MANILA, Philippines – Five months before Rodrigo Duterte won the presidency, the Catholic Bishops' Conference of the Philippines (CBCP) issued a rare statement chastising the Davao City mayor for cursing Pope Francis.
Led by Lingayen-Dagupan Archbishop Socrates Villegas, the CBCP in the same statement denounced murder and adultery, crimes that critics associate with "The Punisher."
The CBCP, on December 1, 2016, titled its statement "Mayor Duterte?" – one of the few times they singled out a politician in an official document.
Despite statements like this from bishops and priest, voters in the Philippines – where 8 out of 10 people belong to the Catholic Church – ended up still electing Duterte.
Now in power for a year, Duterte has challenged the influence of the Catholic Church, attacking bishops and priests, and overturning the moral standards of many Catholics.
"It's an eye opener for us," Manila Auxiliary Bishop Broderick Pabillo told Rappler.
"Lumalabas na medyo manipis 'yung aming pastoral education sa mga tao," he added. (It appears that our pastoral education for people has not been enough.)
'End does not justify the means'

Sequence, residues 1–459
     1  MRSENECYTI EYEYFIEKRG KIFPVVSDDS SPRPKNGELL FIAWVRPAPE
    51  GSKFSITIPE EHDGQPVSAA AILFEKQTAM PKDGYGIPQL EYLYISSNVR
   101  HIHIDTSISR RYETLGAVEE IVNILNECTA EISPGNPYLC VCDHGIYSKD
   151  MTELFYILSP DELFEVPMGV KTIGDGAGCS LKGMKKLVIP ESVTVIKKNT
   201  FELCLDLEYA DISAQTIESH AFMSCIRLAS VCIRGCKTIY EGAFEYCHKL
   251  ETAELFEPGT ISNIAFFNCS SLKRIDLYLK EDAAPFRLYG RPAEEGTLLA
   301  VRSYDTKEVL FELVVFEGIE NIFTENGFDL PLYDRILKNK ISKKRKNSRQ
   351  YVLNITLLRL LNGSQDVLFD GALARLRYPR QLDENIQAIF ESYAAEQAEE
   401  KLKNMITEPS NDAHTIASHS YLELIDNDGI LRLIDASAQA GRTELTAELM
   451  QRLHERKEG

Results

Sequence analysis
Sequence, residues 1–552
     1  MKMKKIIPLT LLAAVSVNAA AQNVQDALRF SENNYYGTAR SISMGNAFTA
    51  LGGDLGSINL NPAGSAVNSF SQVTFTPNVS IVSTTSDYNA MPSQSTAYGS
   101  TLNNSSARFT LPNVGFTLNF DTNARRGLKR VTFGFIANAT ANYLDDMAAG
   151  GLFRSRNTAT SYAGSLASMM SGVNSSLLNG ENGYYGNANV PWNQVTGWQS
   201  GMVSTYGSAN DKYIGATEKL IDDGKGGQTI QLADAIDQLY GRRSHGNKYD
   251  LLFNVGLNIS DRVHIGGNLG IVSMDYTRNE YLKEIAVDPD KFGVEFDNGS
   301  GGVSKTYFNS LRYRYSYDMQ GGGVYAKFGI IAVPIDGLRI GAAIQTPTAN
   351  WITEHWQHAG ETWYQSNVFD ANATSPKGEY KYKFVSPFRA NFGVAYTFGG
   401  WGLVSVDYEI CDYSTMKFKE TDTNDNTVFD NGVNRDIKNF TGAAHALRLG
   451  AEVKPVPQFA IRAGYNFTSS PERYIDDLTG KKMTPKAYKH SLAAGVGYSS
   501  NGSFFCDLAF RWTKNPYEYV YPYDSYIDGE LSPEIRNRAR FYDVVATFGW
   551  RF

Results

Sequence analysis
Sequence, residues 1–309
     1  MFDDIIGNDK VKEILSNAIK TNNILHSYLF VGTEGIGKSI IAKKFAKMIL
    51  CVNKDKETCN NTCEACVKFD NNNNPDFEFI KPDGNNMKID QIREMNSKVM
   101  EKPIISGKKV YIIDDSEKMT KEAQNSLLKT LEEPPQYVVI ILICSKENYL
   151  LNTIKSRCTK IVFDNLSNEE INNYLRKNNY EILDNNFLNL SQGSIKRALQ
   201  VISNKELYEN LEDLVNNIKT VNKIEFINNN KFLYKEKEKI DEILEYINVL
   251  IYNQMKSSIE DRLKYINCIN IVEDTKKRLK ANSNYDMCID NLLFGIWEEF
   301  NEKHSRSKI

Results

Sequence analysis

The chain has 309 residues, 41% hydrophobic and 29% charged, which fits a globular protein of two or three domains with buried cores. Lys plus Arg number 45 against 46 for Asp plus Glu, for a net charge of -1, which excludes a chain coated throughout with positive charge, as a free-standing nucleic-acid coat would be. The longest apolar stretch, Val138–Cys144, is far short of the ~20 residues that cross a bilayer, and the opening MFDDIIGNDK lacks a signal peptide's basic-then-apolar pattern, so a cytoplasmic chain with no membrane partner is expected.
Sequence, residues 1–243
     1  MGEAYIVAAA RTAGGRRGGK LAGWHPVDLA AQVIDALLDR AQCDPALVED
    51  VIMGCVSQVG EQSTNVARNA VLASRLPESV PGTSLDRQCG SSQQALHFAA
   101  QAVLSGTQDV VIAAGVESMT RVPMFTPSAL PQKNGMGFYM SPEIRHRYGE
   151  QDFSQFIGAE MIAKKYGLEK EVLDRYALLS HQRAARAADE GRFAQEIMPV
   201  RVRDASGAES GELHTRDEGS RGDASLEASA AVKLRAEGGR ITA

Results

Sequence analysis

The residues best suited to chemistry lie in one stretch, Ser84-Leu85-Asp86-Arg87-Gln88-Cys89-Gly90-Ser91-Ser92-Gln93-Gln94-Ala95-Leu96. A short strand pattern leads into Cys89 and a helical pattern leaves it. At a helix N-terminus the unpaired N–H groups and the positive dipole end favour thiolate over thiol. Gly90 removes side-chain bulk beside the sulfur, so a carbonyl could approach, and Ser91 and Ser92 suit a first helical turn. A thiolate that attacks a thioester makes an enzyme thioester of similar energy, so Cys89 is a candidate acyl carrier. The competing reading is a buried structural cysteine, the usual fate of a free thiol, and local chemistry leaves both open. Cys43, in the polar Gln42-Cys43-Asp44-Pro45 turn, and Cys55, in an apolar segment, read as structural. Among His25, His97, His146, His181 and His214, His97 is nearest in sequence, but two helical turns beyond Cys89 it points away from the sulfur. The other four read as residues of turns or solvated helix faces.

Pabillo said many Filipinos, for example, have not fully understood the Catholic Church's teaching that "the end does not justify the means."
"Hindi marami ang nakakaintindi diyan. Kaya tuloy, para sa kanila, parang okay lang pumatay para mawala 'yung problema ng droga," Pabillo said. (Not many people understand that. That's why, for them, it seems okay to kill to eliminate the problem of illegal drugs.)
Bishops, religious congregations, and lay groups – including CBCP president Villegas – have issued statements against the drug-related killings under Duterte.
In February, up to 10,000 Catholics joined the Walk for Life, a grand procession to oppose extrajudicial killings and Duterte's bid to revive the death penalty.
Still, Duterte's anti-drug campaign has gained much public support. (READ: Understanding public support for Duterte's drug war)
A Social Weather Stations (SWS) survey in March showed 78% of respondents being satisfied with Duterte's war on drugs.
At the same time, however, 73% of respondents said they were worried that they or someone they know could fall victim to extrajudicial killings.